The church of St Simon and St Jude in the village of Thurcroft, near Rotherham, is one of many in need of funds for vital repairs, without an answer for where the money will come from.
Conservative MP Andrew Selous, who as the second estates commissioner speaks for the Church of England in the House of Commons, has warned that across the country its parishes are only raising half the funds needed to meet the estimated £1 billion cost of repairs over the next five years.
Phil Owen, treasurer at St Simon and St Jude’s, says the parish church is facing costs of around £50,000 to deal with a worsening damp and mould problem, and to replace an ageing boiler.
There are grants available, he said, but they are “few and far between”, and as the building deteriorates it becomes less attractive to attend, so numbers decline further, revenue drops and the problem only gets worse.
He told the PA news agency: “We try and fundraise to the best of our ability but in the current climate it’s very, very difficult.
“I’m not very confident at all that we will get funds in the short-term. It seems a problem that there is no financial means to provide for at this stage.
“It will take us a long, long time to raise anything like that. Our fundraising during lockdown was round about £2,000, previous to lockdown you’re only talking about £3,500, £4,000 per annum.”
He said donations are linked to “bums on seats”, but currently the church is only getting around £100 a week, and that is not helped by the mould problem which he describes as “like a scab” on the walls.
Mr Owen said if the Government or anyone else were to provide funding “we would welcome it with open arms”.
While weekly attendance is declining, he said for key occasions it can still be busy, and in some cases the church can even be standing-room only.
“People from the village will come to the church, but they don’t come to the church on a weekly basis.
“Were the church to disappear, the village would certainly miss it,” he said, adding it would be “a sad loss, because the church was built by the people of Thurcroft for Thurcroft”.
Mr Owen added: “The biggest problem you have is people’s perception that the Church of England is very, very rich and sitting on billions of pounds.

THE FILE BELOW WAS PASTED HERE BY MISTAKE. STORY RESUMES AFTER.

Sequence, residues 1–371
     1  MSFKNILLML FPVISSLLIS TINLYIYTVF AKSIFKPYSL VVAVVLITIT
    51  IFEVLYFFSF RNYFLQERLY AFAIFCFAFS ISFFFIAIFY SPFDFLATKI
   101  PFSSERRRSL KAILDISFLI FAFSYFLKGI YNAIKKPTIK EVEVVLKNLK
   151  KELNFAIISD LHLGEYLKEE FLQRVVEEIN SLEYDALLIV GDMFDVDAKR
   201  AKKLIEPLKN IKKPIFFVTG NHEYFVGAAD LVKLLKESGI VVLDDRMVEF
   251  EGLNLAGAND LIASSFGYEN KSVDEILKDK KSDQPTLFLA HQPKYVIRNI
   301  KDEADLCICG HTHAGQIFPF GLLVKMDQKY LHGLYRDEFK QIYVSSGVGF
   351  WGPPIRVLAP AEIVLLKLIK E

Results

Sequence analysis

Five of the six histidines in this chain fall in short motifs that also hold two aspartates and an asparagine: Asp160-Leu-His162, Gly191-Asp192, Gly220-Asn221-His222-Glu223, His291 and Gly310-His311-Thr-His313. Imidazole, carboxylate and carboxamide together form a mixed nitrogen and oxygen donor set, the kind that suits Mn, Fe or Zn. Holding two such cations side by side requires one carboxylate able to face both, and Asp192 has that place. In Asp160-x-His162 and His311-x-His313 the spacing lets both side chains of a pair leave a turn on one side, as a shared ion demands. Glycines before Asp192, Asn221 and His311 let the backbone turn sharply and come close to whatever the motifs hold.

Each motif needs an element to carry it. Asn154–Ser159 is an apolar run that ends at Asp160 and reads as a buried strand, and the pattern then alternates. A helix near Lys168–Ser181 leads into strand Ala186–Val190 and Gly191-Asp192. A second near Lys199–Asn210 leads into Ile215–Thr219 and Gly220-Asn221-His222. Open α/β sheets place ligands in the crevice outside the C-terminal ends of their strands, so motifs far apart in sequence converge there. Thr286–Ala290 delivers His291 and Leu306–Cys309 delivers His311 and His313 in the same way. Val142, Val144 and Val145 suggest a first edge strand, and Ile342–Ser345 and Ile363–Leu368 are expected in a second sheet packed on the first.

“Well the Church of England is sitting on billions of pounds, but a lot of that is asset value.”
Roland Alden, church warden at the All Saints Church in the village of Richard’s Castle, in Shropshire, says while their building is in a good state of repair, investment is needed if it is to host more community events, which he said would put it on a more sustainable financial footing.
Mr Alden said as weekly attendance had dropped, the church has also cut back, no longer providing weekly services and instead becoming a “festival church”, focusing on the bigger events in the liturgical calendar and key ceremonies such as weddings and funerals, while trying to extend its offering to the community as a place for events.
But he said a lack of adequate toilet facilities limits the church’s capacity to be a host.
“We’ve done what we can do, and that is definitely working. We’ve shown local leadership, by making those changes,” he said, adding Government funding to “prime the pump” could help put churches such as his on a more sustainable footing by attracting people back.
He said grants often involve an element of match funding, and so there needs to be an alternative solution if enough funding cannot be found within the parish.
He said: “I think as a country and a society we need to maintain some of these wonderful buildings.”